should remove the account with the unreconciled balance from the combined
reconciliation and report it separately. This is done for reporting purposes.



Accounts reconciliation is defined as the supported and documented explanation

and analysis of the ending balance of a general ledger account
Accounts reconciliation audit issues can be minimized or avoided by having a strong
accounts reconciliation procedure in place.
Assessing the risk level of every new account being opened is the responsibility of
the business Controller and the CFO.
TIP accounts reconciliation Policy requires that zero balance accounts with no
activity for six months are reconciled automatically.
The accounts reconciliation process consists of the following five steps:

Understanding an account
Understanding the steps to reconcile an account
Reviewing process
Measurement and status reporting
Filing of documentation


Accounts Reconciliation Criteria

Effective accounts reconciliation requires that eight specific corporate criteria are met
Accounting reconciliation criteria are a set of standard guidelines. They define the
requirements for an acceptable reconciliation and aim to make the reconciliation
process simple, more easily measurable, and more targeted towards risk

These criteria fall into two categories:

1) Immediate financial exposure
2) Sustainable Process Indicators/Longer Term Financial Exposure


Eight accounts reconciliation criteria (1)

Account key information that should be documented include:

1. Description and Purpose of Balance Sheet Account

Account name, number and legal entity
Detailed account description and purpose, including details of account flows,
offset accounts, typical journal entries and estimated balance range
Detailed reconciliation procedure
Link to company policy
Currency of the account being reconciled
Risk category (high/low risk reconciliation on monthly/quarterly basis)
Balance sheet category (e.g. cash, other assets, accounts receivables etc.)


Eight accounts reconciliation criteria (2)

2. Total of Identified Items Equals Ending Balance in the General Ledger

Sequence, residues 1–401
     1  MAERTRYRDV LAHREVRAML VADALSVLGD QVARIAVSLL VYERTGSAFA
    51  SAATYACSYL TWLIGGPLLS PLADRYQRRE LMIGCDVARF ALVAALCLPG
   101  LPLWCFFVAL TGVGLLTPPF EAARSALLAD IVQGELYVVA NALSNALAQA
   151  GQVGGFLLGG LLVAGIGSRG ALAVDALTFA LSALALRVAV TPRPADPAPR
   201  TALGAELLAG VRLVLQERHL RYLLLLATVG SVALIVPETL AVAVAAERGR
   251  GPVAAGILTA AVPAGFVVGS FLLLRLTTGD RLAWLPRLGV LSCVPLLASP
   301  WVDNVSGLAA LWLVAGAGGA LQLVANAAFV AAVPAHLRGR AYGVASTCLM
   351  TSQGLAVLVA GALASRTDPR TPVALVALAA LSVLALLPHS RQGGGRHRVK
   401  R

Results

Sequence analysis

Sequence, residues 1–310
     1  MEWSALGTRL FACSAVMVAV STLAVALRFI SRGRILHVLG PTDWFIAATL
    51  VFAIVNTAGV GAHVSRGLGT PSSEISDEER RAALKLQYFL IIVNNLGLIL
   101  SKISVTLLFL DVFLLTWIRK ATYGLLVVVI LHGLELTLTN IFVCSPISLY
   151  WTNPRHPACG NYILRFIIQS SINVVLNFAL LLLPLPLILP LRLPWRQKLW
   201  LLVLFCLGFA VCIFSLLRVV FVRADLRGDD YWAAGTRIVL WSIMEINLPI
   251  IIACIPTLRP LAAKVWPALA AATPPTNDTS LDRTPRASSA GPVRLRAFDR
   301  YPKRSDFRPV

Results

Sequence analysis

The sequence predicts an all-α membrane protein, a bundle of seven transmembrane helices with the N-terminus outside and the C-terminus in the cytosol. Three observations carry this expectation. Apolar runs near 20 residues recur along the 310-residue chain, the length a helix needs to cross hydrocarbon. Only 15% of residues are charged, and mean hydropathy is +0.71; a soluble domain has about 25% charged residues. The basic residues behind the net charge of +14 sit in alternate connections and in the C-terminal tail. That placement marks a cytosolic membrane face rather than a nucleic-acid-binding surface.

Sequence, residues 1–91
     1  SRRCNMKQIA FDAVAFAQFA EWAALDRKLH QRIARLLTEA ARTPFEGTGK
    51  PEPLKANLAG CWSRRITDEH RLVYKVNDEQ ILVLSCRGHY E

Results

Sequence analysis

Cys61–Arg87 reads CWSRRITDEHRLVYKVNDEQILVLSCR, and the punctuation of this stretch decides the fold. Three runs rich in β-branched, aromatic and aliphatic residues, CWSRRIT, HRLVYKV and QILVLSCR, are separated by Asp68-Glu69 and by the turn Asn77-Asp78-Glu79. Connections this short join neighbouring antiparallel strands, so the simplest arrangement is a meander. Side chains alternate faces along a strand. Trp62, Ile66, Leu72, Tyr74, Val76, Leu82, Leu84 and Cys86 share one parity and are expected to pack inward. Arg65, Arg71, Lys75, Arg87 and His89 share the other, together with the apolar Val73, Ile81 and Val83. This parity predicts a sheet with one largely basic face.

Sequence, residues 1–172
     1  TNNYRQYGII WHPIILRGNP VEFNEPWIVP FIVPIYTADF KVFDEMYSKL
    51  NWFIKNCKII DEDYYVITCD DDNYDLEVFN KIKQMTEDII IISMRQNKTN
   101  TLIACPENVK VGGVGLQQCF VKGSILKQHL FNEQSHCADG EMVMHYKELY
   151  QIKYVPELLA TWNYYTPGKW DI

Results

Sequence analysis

The individual items that make up the total balance in the account reconciliation
should equal the general ledger ending balance. If they do not, then the account is not
properly reconciled. Additionally, the items need to be clearly identified and
Accounts reconciliation fails criterion 2 when it has a roll-forward. A roll-forward is
where only the current period activity is explained and supported. Accounts
reconciliations should substantiate the entire balance, and not the current period
Exception to the roll-forward rule:
Retained Earnings
Foreign Currency Translation Account (FCTA) Accounts
Example failing to pass criterion 2: Suppose we have an account for legal accruals.
If the balance identified on the reconciliation does not tie to the general ledger, it fails
passing criterion 2. Also, if the account appears to be a roll-forward, we cannot know if it is
one legal accrual or a sum of many.

Eight accounts reconciliation criteria (3)

3. Items Supported by Sources Independent of the General Ledger Being
This criterion requires that the entire balance must be supported by sources
independent of the general ledger and not manual journal entries.

External resources:

Original Bank Statements

Investment/Trustee Statements
Deal Documents
Vendor invoice
Notices and penalties from regulatory agencies
Inter-company confirmations for DT/DF and affiliate current accounts


Eight accounts reconciliation criteria (3) (cont.)


Trade Receivables
Fixed Asset Ledgers
ET&L Subsystems
Accounts Payable
Mechanized Tax Calculations

Reserve Analysis, Warranty, Bad Debt, Inventory, Litigation
Goodwill (Purchase Account Analysis)
Deferred Tax Analysis

Spreadsheets should show an analysis, not hard coded numbers and should reference
the source of the data and spreadsheet owner.
Note: If for an account only the purpose is mentioned while there is no independent
support documentation, then the account fails to pass criterion 3. Also, accounts with
balances that are calculated from other accounts cannot be considered reconciled, if
the related accounts are not approved.

Eight accounts reconciliation criteria (4)

4. Accessible Documentation
Criterion 4 requires that the supporting backup documentation needs to be provided
within 48 hours (2 business days) after the request was received.
This criterion is important for both reconciliation preparation and review and aims to
reinforce the accumulation of supporting documentation during the reconciliation

The ability to reproduce supporting documents for an account balance is critical for
the following reasons: